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Unbelievable - almost! What's amazing is that it was someone from Denmark, not the UK, that posted. I'm not surprised, really. When one stops to consider all the inventions and technology that were originally done in the UK - computers, robotics, and if one wants to go way-back, then the industrial revolution itself! The shame is that although the original ideas and technology start in the UK, because of funding constraints, it seems, further development takes place in other countries (a little known fact is that the largest investor in the US
isn't Arab, nor Japanese, but British). It wouldn't surprise me if the same fate awaits Zeroshift - I would think Ford & GM tentacles are lurking-about, waiting to engulf & devour! Anyway, thanks Soren.
 

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Discussion Starter · #3 ·
Guess it has been like this since the start of industrilisation. The ideas were nursed in good old England and then the manufacturing were done in the colonies!
 

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I'd read about this last year but details were very sketchy and secretive due to patents, the F1 teams are lining up to get their hands on it too. I actually thought it was a April Fools Day spoof when I read about it last year though
 

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There is a common misunderstanding about what a ZeroShift is. The switch in ratios is instant but the switch in engine speed is not. The engine and gearbox are separated by the clutch. ZeroShift FlatLiner adjusts the clutch and throttle throughout the shift sequence. --- Quote from the website.

So the throttle and clutch are modulated? As in, the throttle is cutback and clutch slipped??!

I'd rather have a transmission that sat right at one RPM: Peak hp.

No clutch slip, and maximum accelleration at all instances because accelleration = hp x 550 / (mass x speed)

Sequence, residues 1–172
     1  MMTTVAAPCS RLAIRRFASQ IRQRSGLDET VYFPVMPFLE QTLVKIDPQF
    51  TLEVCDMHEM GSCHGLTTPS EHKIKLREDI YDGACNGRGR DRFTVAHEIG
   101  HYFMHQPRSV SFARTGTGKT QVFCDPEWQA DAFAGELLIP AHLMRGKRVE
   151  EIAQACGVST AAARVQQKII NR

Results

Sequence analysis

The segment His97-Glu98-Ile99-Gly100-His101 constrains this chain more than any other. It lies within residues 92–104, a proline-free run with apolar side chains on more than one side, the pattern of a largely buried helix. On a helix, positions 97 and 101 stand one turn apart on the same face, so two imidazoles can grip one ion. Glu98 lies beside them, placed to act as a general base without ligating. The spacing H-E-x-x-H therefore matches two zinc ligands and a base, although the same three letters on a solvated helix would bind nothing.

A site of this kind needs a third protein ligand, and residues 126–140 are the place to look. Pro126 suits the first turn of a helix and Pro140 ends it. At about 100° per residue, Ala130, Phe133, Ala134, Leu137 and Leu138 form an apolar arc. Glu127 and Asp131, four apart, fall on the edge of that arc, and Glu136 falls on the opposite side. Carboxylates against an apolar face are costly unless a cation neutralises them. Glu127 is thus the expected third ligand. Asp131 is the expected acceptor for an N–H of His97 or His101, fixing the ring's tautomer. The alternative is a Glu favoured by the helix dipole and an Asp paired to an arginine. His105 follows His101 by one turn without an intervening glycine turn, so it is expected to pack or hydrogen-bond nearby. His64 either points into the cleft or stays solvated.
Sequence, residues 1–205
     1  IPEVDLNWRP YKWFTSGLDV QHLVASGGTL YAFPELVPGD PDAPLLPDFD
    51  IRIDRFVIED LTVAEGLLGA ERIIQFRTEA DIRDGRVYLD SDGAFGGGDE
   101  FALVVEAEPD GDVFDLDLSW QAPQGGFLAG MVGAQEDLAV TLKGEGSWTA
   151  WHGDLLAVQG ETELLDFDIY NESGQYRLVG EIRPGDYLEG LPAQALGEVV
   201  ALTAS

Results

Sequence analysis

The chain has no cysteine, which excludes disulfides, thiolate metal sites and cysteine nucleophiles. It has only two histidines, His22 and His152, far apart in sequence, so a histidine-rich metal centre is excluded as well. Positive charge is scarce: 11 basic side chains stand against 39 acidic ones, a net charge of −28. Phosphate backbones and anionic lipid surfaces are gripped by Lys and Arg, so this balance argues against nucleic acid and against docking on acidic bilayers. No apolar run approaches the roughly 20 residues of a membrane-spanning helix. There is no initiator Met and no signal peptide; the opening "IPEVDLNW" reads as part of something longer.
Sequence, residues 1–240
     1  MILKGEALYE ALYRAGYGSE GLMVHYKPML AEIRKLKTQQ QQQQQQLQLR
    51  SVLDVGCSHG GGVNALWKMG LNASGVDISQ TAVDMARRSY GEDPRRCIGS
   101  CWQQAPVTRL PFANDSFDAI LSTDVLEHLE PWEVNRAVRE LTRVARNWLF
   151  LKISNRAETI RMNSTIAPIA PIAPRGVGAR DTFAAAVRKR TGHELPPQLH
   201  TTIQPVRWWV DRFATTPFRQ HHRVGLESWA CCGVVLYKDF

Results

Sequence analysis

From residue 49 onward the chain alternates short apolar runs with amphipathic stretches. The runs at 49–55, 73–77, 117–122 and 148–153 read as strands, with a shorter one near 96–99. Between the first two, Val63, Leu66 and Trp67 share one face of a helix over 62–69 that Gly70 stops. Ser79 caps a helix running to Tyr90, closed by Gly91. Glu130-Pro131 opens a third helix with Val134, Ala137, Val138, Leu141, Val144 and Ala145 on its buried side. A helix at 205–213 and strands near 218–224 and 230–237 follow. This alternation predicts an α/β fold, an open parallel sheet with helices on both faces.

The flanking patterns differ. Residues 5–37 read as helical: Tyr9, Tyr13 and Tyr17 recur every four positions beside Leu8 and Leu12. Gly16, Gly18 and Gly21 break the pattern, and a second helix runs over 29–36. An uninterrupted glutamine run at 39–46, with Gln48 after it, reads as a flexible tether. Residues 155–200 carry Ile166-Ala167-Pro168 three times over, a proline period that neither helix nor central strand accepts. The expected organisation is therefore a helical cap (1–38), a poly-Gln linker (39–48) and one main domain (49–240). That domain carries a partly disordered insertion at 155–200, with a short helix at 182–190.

If it were reliable enough it'd be a neat idea to reduce the number of times you have to use the clutch ... but I don't mind shifting between gears, it's starting and stopping in traffic that sometimes gets slightly bothersome.

Oh well. It does look very interesting, and the webpage is well done. Also there are a number of manual boxes, like the one in the WRX, that break easily and could use any help necessary to just make them stronger for goodness sake!

Thanks for the linky.

Dubbya~
 

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  I'd rather have a transmission that sat right at one RPM: Peak hp.  [/b]
That might well be correct when driving hard. But for normal driving the harsh noise produced by the engine at such high revs would give me a headache. On top of that, I wonder if the engine would suffer quicker wear-and-tear problems.
 

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lol I didn't mean constantly at one RPM.

Like a load request. The more you push the pedal down the higher up in the HP band the engine moves. At full throttle it just sits at peak hp. Anything less than peak hp sits at a different RPM.

It would allow torqueless wonders like the wankel perform like much larger engines because they could sit at their highest hp all day long.

Dubbya~
 

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Originally posted by Søren Hviid:
[qb]The ideas were nursed in good old England[/qb][/b]
Ahm!!, the UK if you dont mind, as there are more countries than just E*****d you know.

Thats the problem with alot of people they all just "ah your from England", eh naw!Scotland!!.

Just remember there's more one country here!!!!
 

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I'm not sure if I've raised this before but the best invention yet, IMO, for transmissions is from a company called Torotrak, based in Preston, UK.
They are developing an infinitely variable transmission based on toroidal rollers and a traction fluid.